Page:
So anyway, a couple of weeks ago, when I was sitting here at home alone, I decided to order an Apple Watch. I don’t really even need a regular watch, let alone a “smart” one. I don’t have anywhere to be, so I don’t need to know what time it is. Besides, I usually have my phone or iPad with me, or I’m sitting at the computer. Still, I’d been reading about all the nifty stuff on the Apple Watch and decided to order one as a TDY consolation prize/early birthday present. Since we haven’t been traveling, I had the money mostly saved.

The new Apple Watch does indeed have a lot of nannyism health gimmicks that remind users to take care of themselves. For instance, this watch is capable of checking my blood oxygen levels. It prompts me to take a moment to breathe deeply and will pause the exercise if I’m not focused, still, and breathing properly, and encourages me to try again. It reminds me when to go to bed and get up, not that I need any help with that, being married to a man whose brain goes down with the sun (seriously, Bill is practically comatose by 9:00pm, and he’s always up by 5:00am… consequently, so am I). Today, I got a chastising message when I neglected to wash my hands for a full twenty seconds. The watch wanted to know why I hadn’t scrubbed for the right amount of time– was it just a rinse?

Your Grace! Isn’t it nice to be addressed respectfully? I’ll probably subscribe to Apple Fitness+ once my three months are up.

When I take walks and forget to tell the watch I’m “working out”, it will buzz my wrist and ask me if I want it to record my walk. It’s already been recording, mind you. If I answer affirmatively, it will show the time of the walk already in progress, so I don’t miss those precious early minutes before I asked the watch to count the walk as exercise. The new watch comes with three free months of Apple Fitness+. There are three wellness ring goals that it encourages me to meet every day: exercise, standing, and moving (which seems kind of strange, since I mostly stand and move when I exercise). As I get closer to meeting the goals, each ring– light blue for standing, maroon for moving, and light green for exercise– get closer to closing in perfection. I get a cute animation as I meet each goal and a really exciting animation when I reach all three. And if the day is closing and I haven’t moved, stood, or exercised enough, the watch will send me an encouraging message, reminding me to get up off my ass.

Aww… thanks for caring, Apple Watch. Maybe it’s time I named you.

I also get a warning if my heart rate is dangerously high, or the noise in an area is too loud and could damage my hearing. I got a message yesterday asking me if my period has started yet, since it’s overdue… but I am getting old and will soon turn 49, so I expect that my once Swiss watch regular cycles will go horribly awry soon. I read yesterday that the next incarnation of the Apple Watch will even be capable of checking blood sugar.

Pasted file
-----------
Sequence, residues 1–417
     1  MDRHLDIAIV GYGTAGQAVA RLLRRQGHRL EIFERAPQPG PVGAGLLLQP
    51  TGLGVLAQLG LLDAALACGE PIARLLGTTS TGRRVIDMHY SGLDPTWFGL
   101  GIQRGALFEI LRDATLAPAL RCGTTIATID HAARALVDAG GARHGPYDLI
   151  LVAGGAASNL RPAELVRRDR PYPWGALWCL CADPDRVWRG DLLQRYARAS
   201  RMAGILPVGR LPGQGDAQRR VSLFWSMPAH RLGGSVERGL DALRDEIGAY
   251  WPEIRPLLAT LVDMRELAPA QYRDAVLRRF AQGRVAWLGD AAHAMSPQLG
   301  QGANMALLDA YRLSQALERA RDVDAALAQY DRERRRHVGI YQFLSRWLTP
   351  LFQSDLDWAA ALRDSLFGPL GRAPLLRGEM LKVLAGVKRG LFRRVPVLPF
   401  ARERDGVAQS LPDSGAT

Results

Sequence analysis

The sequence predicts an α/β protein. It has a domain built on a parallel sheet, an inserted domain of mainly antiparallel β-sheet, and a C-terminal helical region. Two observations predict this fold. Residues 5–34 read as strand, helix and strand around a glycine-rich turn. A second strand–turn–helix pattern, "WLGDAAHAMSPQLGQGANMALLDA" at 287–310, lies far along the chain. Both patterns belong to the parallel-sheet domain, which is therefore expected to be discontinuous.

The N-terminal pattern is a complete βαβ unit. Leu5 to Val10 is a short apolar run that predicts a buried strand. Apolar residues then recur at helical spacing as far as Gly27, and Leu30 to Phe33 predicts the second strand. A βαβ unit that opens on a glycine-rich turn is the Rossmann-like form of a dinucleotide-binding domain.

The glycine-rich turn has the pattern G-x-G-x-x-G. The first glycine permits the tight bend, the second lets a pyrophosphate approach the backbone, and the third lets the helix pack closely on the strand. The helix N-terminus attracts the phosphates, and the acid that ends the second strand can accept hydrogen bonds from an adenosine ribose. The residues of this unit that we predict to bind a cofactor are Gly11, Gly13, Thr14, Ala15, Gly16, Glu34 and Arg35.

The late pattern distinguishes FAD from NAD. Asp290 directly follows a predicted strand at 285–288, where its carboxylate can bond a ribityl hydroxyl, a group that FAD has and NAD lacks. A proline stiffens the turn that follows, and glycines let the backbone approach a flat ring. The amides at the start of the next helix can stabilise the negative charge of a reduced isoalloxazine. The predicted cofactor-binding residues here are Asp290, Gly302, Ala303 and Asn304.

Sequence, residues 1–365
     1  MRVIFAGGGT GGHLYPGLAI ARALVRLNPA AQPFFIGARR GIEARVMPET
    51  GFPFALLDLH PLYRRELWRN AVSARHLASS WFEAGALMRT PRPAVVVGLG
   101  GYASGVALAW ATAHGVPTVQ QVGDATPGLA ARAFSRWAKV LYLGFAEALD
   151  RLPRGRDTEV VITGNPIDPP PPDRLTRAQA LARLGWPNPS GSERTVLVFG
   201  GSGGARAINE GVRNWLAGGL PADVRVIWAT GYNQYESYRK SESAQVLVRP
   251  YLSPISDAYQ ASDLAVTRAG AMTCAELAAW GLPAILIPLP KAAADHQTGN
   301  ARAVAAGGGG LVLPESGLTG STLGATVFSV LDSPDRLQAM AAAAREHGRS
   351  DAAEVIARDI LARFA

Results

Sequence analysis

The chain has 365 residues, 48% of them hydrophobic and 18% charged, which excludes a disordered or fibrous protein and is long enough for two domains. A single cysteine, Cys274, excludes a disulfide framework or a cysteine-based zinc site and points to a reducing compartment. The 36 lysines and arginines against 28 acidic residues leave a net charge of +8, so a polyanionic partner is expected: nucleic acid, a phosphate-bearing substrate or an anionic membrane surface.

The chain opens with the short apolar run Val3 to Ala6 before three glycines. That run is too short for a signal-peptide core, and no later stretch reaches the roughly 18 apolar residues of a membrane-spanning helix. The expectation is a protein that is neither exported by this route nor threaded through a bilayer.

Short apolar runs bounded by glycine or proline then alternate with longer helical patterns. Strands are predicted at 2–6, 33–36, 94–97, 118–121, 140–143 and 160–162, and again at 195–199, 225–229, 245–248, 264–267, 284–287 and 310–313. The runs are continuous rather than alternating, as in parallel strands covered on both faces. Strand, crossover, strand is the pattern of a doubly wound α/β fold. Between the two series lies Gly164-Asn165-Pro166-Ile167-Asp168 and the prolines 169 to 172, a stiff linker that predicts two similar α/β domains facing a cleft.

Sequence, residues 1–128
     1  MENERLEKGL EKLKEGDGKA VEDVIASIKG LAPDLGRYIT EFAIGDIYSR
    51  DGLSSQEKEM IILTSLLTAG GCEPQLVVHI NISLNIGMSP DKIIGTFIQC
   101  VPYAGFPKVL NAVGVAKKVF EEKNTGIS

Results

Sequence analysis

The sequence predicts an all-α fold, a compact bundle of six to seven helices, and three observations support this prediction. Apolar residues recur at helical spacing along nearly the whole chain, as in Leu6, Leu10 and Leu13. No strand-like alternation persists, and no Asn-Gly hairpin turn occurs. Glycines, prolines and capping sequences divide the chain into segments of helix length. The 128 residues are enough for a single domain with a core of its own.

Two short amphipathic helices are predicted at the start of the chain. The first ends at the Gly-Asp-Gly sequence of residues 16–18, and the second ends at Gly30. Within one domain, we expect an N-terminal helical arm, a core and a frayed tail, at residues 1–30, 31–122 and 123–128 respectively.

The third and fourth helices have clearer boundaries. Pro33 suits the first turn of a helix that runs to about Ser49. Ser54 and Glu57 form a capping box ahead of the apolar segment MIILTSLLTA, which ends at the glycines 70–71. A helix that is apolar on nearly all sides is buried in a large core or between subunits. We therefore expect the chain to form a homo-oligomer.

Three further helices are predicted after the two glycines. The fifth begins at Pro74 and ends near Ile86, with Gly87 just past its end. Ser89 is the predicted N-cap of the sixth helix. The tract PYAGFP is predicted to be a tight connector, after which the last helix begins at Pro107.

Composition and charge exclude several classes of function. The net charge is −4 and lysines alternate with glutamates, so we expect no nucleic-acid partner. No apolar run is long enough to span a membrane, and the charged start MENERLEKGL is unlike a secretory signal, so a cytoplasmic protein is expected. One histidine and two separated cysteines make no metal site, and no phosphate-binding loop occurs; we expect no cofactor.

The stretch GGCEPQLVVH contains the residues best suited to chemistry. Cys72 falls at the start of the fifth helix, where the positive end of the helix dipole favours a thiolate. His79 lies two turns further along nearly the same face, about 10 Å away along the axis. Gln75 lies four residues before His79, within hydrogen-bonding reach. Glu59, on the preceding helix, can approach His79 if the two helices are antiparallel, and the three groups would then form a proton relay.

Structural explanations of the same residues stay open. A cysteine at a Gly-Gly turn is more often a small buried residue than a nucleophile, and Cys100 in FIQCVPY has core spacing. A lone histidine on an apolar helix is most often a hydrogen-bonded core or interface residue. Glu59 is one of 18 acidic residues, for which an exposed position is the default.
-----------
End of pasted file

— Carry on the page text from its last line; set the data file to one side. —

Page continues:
Of course, I could disable some of these features. I think if I had real life things to attend to, like a job or a child, the constant reminders for every little thing might get very annoying in a hurry. It’s bad enough that the watch reminds me when it’s time for me to play Words With Friends or sends me notices when some strange creep on Facebook wants to “connect” with me. I probably will start to shut down some of the “services” as I get to know the watch better. I probably will keep the exercise reminders, though, because it’s encouraging to keep track of how much I move… and it’s good to be reminded to move.

I’m sure Arran and Noyzi also appreciate that the Apple Watch gives me a reason to take them for a slightly longer route, since the weather is better. I wish I’d had this watch when we lived in Jettingen, where our walks were twice as long, because we were next to a huge forest. I would have definitely had no problem meeting and exceeding the exercise goals there.

Anyway… I appreciate the help and concern from my dogs and Apple Watch for helping me maintain my physical health, especially since I haven’t seen a doctor in about ten years. But I might need one if Noyzi pushes too hard as he herds me toward the door for his daily walk or victuals. I might fall down and bust my ass or break my face. At that point, since this watch is also capable of sending and receiving phone calls (once I connect it to my cellphone plan and pay the fees), it might automatically call 112 for me (Germany’s equivalent to 911 for an ambulance).

Not that I expect anyone to click the link before buying an Apple Watch, or even to buy one from Amazon, but that would sure make a nice birthday gift in sales commissions from Amazon. 😉 As an Amazon Associate, I earn a small commission from Amazon on anything purchased through my site… and my birthday is on the 20th!

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disasters, modern problems, technology, transportation, travel

Get back on the bus, Russ?

This morning, I read an article in The New York Times indicating that many people have quit using trains and buses in cities around the world. Ridership has gone so low that there’s concern that public transportation systems will fail and there will be many related disasters. One of the biggest worries is that there will be a severe effect on the environment, since more people will be driving their own cars. I expect that with more people opting for private transport, there will also be bigger traffic jams and less available parking. However– I don’t think that consequence will happen unless life gets totally back to normal, if and when the pandemic ever ends.